The New York City Council Committee on Economic Development today holds a hearing on bill 1169-2013, which would set worker training and transparency requirements for certain city development projects receiving city financial assistance.
“This hearing is both timely and necessary,” says Keith Wrightson, worker safety and health advocate at Public Citizen, an advocacy organization. Wrightson will testify in favor of the measure at the hearing.
During 2011 and 2012, 36 New York City construction industry workers were killed on the job. These fatal injuries imposed an estimated cost of $187.2 million on New York City’s economy. Wrightson notes that the construction activity is robust because the industry is undergoing a strong recovery in the city, following the 2008 recession.
In 2011, there were 16 construction fatalities; eight construction workers died from slips, trips and falls, five from contact with an object or equipment, and three from other hazards. In 2012, construction industry fatalities rose to 20. Eight workers died from slips, trips and falls, eight from crushing/collapse and four from contact with an object or equipment.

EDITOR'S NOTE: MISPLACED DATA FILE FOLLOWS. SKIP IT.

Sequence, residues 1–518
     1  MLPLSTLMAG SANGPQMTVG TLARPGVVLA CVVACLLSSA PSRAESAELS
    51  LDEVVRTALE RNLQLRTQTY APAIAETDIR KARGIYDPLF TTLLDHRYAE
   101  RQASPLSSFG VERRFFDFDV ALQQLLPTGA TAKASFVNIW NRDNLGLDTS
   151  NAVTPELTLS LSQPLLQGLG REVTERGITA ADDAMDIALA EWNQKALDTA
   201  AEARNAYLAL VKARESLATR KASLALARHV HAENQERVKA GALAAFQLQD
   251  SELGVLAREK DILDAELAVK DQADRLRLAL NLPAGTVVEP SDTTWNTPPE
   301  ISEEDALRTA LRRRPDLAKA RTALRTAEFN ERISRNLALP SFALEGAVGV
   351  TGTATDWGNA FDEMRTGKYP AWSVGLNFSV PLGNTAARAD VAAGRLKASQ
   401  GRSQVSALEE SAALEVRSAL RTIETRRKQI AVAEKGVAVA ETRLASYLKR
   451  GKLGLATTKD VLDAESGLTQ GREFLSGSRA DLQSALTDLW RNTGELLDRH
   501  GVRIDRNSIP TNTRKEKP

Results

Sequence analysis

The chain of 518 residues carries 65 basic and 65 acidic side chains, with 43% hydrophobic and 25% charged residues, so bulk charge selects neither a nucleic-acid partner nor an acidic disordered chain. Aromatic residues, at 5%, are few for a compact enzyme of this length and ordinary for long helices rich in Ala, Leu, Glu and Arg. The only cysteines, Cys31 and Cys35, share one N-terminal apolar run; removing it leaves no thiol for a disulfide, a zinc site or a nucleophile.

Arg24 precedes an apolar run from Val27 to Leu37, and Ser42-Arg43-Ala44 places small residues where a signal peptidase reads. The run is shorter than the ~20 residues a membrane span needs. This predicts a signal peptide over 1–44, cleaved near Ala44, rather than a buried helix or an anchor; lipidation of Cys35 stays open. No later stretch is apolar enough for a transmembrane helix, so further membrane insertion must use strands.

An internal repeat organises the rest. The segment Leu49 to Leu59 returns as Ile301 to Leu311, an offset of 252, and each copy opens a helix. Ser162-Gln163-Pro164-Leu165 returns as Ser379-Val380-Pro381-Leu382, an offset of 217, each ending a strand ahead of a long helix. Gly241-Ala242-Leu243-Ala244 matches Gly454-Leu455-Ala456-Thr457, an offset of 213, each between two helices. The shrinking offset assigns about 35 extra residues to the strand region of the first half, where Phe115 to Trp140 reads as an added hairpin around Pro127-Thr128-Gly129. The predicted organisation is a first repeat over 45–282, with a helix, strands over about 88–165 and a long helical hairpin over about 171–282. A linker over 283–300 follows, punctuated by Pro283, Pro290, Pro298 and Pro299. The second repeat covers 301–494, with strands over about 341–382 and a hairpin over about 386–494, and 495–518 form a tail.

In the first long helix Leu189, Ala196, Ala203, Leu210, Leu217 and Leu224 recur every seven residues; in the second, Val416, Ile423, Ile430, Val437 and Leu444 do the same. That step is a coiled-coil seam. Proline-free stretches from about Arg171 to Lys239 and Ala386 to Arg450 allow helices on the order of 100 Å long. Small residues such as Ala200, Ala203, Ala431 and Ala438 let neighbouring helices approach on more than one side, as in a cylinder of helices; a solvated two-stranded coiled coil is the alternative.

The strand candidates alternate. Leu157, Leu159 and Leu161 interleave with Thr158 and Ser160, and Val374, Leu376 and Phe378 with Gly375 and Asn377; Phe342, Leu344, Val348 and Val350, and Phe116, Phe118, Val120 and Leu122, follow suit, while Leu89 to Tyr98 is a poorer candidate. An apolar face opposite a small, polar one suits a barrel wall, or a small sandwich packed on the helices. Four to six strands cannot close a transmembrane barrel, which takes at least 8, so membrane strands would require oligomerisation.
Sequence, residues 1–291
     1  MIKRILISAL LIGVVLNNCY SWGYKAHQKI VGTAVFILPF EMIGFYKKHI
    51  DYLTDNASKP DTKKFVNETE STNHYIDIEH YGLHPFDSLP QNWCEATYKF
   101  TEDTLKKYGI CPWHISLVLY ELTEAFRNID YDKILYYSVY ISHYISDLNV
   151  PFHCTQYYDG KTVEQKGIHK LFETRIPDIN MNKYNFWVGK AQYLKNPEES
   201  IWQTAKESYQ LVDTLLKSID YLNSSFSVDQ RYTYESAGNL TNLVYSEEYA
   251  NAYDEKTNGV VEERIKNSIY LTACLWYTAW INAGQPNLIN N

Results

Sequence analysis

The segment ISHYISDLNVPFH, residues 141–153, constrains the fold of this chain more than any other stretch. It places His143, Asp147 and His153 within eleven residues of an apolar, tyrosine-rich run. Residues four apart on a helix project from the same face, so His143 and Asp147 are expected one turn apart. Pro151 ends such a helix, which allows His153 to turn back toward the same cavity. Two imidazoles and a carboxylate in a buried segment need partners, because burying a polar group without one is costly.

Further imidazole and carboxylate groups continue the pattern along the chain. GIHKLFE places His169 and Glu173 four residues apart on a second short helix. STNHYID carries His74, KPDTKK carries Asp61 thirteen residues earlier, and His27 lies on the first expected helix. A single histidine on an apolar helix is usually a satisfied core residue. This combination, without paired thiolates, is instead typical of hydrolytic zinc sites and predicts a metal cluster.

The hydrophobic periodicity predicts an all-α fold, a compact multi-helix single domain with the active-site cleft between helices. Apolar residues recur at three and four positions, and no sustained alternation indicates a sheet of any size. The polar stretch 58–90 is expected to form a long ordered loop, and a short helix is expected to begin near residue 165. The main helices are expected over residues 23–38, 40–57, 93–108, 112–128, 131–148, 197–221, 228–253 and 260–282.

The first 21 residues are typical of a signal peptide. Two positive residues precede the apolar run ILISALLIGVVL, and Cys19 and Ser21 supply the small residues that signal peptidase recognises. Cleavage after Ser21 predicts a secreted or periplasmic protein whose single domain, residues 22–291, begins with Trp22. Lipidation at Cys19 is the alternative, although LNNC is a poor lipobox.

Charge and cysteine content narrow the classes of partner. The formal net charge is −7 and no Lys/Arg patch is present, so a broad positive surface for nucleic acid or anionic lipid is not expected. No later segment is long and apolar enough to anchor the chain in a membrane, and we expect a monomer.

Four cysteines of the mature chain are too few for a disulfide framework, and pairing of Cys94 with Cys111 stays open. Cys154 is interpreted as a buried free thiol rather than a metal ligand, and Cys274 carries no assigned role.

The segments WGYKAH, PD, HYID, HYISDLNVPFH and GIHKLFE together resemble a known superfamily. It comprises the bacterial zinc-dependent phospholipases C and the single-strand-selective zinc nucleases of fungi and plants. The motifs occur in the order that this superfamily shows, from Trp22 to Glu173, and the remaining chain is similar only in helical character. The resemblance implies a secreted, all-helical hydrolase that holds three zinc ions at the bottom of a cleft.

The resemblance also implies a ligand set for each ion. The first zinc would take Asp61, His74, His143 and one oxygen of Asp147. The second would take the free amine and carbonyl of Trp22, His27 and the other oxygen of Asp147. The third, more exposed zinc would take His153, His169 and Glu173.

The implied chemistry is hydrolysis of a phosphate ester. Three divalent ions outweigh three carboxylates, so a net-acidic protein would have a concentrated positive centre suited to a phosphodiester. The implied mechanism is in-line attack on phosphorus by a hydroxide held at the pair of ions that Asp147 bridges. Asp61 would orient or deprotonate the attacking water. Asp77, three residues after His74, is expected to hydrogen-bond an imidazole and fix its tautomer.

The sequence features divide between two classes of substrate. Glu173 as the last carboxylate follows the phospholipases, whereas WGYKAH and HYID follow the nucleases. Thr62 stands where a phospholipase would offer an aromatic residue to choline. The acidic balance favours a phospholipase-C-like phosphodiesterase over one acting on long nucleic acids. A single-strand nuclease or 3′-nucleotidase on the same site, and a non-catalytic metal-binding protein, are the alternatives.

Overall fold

Although on-the-job safety training has been proven to reduce construction industry injuries and fatalities, existing NYC laws mandate only that it be provided by employers operating under city contracts.
The city also funds construction projects through “public benefit corporations”-- entities that publicly finance projects through tax incentive financing. But these projects lack the same worker training requirements as projects under city contractors.